Qaeda in Syria seizes last regime base in Idlib
BEIRUT - Al-Qaeda's Syrian affiliate and its allies seized the last regime-held military base in northwestern Idlib province on Wednesday, in the latest setback for President Bashar al-Assad's forces.
Al-Nusra Front and a coalition of mostly Islamist groups captured the Abu Duhur military airport after a siege that lasted two years, the Syrian Observatory for Human Rights monitor said.
"After a violent attack that had been taking place since Monday, Al-Nusra Front and some Islamist factions control all of the Abu Duhur military airport," the Britain-based Observatory said.
The attacking force began to enter the base on Tuesday night.
Observatory chief Rami Abdel Rahman said the forces appeared to have taken advantage of a massive sandstorm that blanketed much of the Middle East and made it difficult for regime aircraft to carry out strikes.
"The army is no longer present in Idlib province," he added, saying that the soldiers who had been defending the base withdrew towards Aleppo province in the east.
"The regime's only presence left in the province is in the Shiite villages of Fuaa and Kafraya," which are besieged by rebels and are being defended by pro-regime militias and Lebanon's Hezbollah, not the army.
Syrian state television effectively acknowledged the loss, saying troops had left the base.
"After fierce fighting at the Abu Duhur airport, the army, which defended the airport with great courage under total siege for more than two years, abandoned their positions," the broadcaster said.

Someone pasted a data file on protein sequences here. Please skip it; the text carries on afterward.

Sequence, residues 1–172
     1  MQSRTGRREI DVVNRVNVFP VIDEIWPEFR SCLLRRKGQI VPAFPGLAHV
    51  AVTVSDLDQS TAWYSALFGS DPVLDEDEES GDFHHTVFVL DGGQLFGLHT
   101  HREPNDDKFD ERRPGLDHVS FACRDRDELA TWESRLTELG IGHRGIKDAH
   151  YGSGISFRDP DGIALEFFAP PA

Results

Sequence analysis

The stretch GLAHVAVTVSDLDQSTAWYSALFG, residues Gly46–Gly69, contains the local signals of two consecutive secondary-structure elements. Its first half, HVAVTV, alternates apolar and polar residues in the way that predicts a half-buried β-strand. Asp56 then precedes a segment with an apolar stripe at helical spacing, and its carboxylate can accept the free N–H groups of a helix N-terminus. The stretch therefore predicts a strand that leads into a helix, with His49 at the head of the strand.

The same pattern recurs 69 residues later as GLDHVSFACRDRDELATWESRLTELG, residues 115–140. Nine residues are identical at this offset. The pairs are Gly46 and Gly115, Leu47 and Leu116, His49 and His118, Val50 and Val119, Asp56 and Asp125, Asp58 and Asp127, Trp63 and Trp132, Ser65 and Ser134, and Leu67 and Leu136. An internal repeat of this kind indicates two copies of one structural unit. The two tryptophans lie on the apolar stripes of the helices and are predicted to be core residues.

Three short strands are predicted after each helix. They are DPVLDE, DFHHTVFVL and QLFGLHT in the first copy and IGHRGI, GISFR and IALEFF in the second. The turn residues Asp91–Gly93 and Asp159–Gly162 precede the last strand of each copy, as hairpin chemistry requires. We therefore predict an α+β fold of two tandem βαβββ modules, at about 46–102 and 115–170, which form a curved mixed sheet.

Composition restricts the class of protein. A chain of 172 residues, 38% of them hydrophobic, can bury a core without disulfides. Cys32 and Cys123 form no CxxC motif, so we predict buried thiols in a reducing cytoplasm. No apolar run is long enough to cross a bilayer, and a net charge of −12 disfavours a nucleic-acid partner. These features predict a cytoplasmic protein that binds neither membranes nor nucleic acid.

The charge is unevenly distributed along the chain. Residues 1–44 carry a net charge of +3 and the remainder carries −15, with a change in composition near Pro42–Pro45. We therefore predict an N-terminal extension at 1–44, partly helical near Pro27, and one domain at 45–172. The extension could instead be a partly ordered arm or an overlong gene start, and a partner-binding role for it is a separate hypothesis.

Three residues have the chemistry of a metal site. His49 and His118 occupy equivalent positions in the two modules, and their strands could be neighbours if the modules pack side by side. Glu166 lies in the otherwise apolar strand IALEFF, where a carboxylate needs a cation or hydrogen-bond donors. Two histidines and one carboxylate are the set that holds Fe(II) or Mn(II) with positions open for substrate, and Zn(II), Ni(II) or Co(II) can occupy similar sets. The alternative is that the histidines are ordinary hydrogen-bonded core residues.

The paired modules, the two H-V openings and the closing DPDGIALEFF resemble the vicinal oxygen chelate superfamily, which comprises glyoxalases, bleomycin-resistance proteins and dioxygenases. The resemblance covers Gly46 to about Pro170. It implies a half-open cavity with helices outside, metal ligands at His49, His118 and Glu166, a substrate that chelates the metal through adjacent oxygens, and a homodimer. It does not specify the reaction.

Abu Duhur has long been a target for opposition forces in the northwestern province.
Rebel forces had seized the entrance to the airport and several positions on its outskirts in late August in an advance that began with suicide bombers on motorbikes.
The airport's capture is the latest success for a coalition of Islamist and jihadist forces, including Al-Nusra, that calls itself the "Army of Conquest".
They first shot to prominence with the swift overrunning of Idlib's provincial capital in March.
They have since extended their gains throughout the province, seizing a string of strategic towns and even pushing into neighbouring Hama province, where they are fighting to capture the Sahl al-Ghab area.
With Abu Duhur's fall, the regime's only remaining presence in Idlib is in Fuaa and Kafraya.
Both are now completely surrounded by rebel forces, who have fired hundreds of rockets at the Shiite-majority areas.
The loss is the latest setback for Assad's forces, which the embattled president acknowledged in July were suffering from "fatigue".
"There is a lack of human resources" in the army, Assad said in the remarks after a string of defeats in Idlib province and elsewhere.
"The problem facing the military is not related to planning but to fatigue."
Assad's regime has been at war with different rebel groups for the past four years, in a conflict that has so far killed at least 240,000 people.
The conflict began with anti-government protests but descended into a war after a regime crackdown on dissent.
It has evolved into a complex multi-front battle involving rebels, jihadists, the regime, Kurds and a US-led coalition that is carrying out air strikes against the Islamic State group.